Integrating Kittens with Cats
Introducing Young Kittens to Adult Cats
by Margaret Schill
|Adult cat hissing at kitten. Kittens can be a threat to adult cats. This adult cat was fine with the kitten after many days.|
Cats are territorial, some more than others, and in most cases, do not initially take well to “intruders” in their territory, not even to small kittens. By doing a slow integration procedure, with gradual amounts of exposure over a whole lot of days or even weeks, building up to full-time mingling, things will usually work out fine.
A kitten under 16 weeks old is a baby, physically weak, and can easily be hurt by an older cat. So, your primary concern is for protecting the kitten. Do not rush the introduction process. Once things go badly, they often stay bad. Your goal is to try to not have negative things happens between the new kitten and the older cat (except a bit of hissing).
There are some adult cats who take to little kittens right away, happily filling in as "mom". This is not typical, though, especially for adult cats who never had any dealings with little kittens. Most adult cats don't act like mother substitutes to kittens. That does not mean they won't come to accept a kitten living in the same home. Adult cats and kittens can and do certainly wind up getting along, as the kitten and adult cat in the picture above finally did. But it is not usually the easy, quick acceptance that some people think it will be with many adult cats, where you just plop a little kitten down with the adult cat and have everything be fine. It almost always won't be if you do that. Since starting out badly will set the tone for the relationship, and it is only kind to do all we can to reduce stress and fear in our cats, proceeding slowly with introductions is always the best thing to do.
After you read this article, if you have any questions and want a personalized answer, post on the W. V. Cats forum at http://wvcatsforum.tuxedocatwebs.com.
Big cats scared of tiny kittens
A tiny kitten is a threat to many adult cats, (but not all adult cats), as in nature, it would still be with its mother for up to about 6 months old, under her care and protection. The older cats may be wary that the mother will come around looking for her kitten, and that would mean trouble for them if caught near the kitten. It will take some time for the big cats to realize no angry mama cat is going to be coming around. Until then, many adult cats will hiss at the kitten, and even swat at it, trying to keep it from them.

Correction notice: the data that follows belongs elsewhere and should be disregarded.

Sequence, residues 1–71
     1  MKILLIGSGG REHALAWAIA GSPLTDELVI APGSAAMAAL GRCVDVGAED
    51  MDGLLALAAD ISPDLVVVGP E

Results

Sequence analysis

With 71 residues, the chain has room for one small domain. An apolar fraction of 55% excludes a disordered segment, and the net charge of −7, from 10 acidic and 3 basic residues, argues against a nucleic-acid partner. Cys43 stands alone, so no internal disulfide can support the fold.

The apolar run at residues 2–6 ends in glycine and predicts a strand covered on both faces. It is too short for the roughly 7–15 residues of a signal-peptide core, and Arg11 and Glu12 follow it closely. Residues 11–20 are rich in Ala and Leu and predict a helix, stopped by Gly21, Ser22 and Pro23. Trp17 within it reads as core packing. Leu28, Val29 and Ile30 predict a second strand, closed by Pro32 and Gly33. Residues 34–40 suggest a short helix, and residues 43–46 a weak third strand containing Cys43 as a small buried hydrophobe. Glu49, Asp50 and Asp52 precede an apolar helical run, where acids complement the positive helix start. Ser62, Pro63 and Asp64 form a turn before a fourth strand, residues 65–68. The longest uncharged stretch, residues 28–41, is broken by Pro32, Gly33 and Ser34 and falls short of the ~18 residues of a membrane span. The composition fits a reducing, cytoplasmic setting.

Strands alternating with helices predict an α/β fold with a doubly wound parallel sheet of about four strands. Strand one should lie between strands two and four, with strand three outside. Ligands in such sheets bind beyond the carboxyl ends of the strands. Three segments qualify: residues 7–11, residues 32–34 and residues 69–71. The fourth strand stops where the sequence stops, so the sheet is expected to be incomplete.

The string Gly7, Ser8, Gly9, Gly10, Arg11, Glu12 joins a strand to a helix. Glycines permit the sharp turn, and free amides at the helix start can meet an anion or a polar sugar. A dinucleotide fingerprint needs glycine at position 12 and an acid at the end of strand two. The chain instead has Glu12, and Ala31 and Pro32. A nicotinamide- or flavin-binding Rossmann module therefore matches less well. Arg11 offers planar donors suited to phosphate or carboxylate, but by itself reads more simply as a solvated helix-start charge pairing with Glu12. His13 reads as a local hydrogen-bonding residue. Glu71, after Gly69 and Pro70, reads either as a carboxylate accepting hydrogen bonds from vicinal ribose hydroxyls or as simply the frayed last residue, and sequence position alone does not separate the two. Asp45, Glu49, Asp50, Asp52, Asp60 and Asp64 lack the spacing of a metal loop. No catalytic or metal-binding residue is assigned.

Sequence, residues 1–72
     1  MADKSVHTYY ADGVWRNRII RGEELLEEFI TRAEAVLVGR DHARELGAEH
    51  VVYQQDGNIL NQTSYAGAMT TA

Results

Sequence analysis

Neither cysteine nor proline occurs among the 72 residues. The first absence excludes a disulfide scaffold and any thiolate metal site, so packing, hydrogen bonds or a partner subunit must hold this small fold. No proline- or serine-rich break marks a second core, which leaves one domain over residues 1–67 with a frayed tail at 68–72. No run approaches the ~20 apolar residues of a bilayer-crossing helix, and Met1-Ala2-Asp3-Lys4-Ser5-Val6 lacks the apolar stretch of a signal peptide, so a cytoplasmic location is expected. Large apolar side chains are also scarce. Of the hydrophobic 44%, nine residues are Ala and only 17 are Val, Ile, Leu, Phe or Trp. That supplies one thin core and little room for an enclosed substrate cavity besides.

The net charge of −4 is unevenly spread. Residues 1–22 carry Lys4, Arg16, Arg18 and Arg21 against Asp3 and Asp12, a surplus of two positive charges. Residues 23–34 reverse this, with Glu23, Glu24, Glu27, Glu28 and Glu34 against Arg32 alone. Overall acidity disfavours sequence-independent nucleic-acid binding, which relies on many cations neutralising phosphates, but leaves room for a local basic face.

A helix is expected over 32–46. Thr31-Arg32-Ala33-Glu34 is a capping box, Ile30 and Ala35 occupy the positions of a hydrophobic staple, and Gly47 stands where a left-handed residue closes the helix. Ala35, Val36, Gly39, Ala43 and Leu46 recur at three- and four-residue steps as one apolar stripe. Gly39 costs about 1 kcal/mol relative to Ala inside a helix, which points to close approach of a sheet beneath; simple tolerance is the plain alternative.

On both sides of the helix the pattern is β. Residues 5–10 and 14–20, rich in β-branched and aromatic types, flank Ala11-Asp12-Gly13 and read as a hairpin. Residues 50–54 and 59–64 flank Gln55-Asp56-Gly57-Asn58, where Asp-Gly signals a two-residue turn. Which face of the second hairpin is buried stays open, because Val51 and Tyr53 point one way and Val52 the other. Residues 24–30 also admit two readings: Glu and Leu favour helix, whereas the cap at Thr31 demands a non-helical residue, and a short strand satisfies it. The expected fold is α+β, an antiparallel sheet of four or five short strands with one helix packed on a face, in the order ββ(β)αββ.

Even if an appearance by an angry mother cat is not a concern of theirs, adult cats still will often try to make an “intruder” leave. Or, the adult cat will try to leave, by avoiding all areas the kitten is or may be in. Some adult cats get very distressed and frightened by little kittens to a greater degree than they do new adult cats, as odd as that may seem. For adult cats who never saw kittens before as adult cats, kittens are strange creatures, not acting like proper cats in the viewpoint of the adult cat who never saw little kittens before. Little kittens make different noises, and move differently than adult cats. They often are overly bold, just trotting right up to an adult cat, not knowing the proper adult cat conventions of dealing with a sudden stranger cat. Many adult cats don't know what to make of tiny kittens and this can worry and stress them. Most creatures fear what they don't understand.
Adult cats who had previous experience with little kittens won't feel as above and will be more likely to accept another new kitten more readily. For them it's "been there, done that". Adult cats who never lived with any other cat will usually have a more difficult time accepting any new cat, be it another adult or a little kitten.
Some adult cats actually accept other adult cats better than they do tiny kittens, depending upon the personalities of the two adult cats concerned. A timid, non-energetic adult cat is going to have a happier, less stressful time getting used to and accepting another adult cat with that similar temperament, than with a wild and crazy little kitten who takes to jumping on sleeping adult cats in attempts to play, not yet having learned "kitty manners".
Kittens not good playmates for Adult Cats
If one is thinking of getting a young kitten as a companion for an adult cat, think again. It is kinder to pair cats in the same life stage since their needs, desires, sizes, energy levels and interests would be more aligned, and they would therefore more likely become buddies. Sometimes one doesn't get a little kitten intentionally, such as finding an abandoned kitten. However, one does need to then realize the adult cats most often are not going to be happy about it, and realize that a tiny kitten is not a suitable as an intended companion or playmate for an adult cat at the time the kitten is still so tiny. The extreme size and strength difference alone clearly points that out in terms of ideas of playmates. An adult cat is HUGE compared to a tiny kitten so no way can they play wrestle together to the satisfaction of each of them. And little kittens love to play wrestle.
If one has an adult cat and wants a little kitten, it is best to get two little kittens then. That way the two kittens can play with each other in the way little kittens do, and the adult cat won't get harassed constantly by a little kitten desperate for some play. Little kittens want to play all the time, and adult cats do not. Otherwise, with just one little kitten and an adult cat, you wind up with a frustrated little kitten and a frustrated adult cat.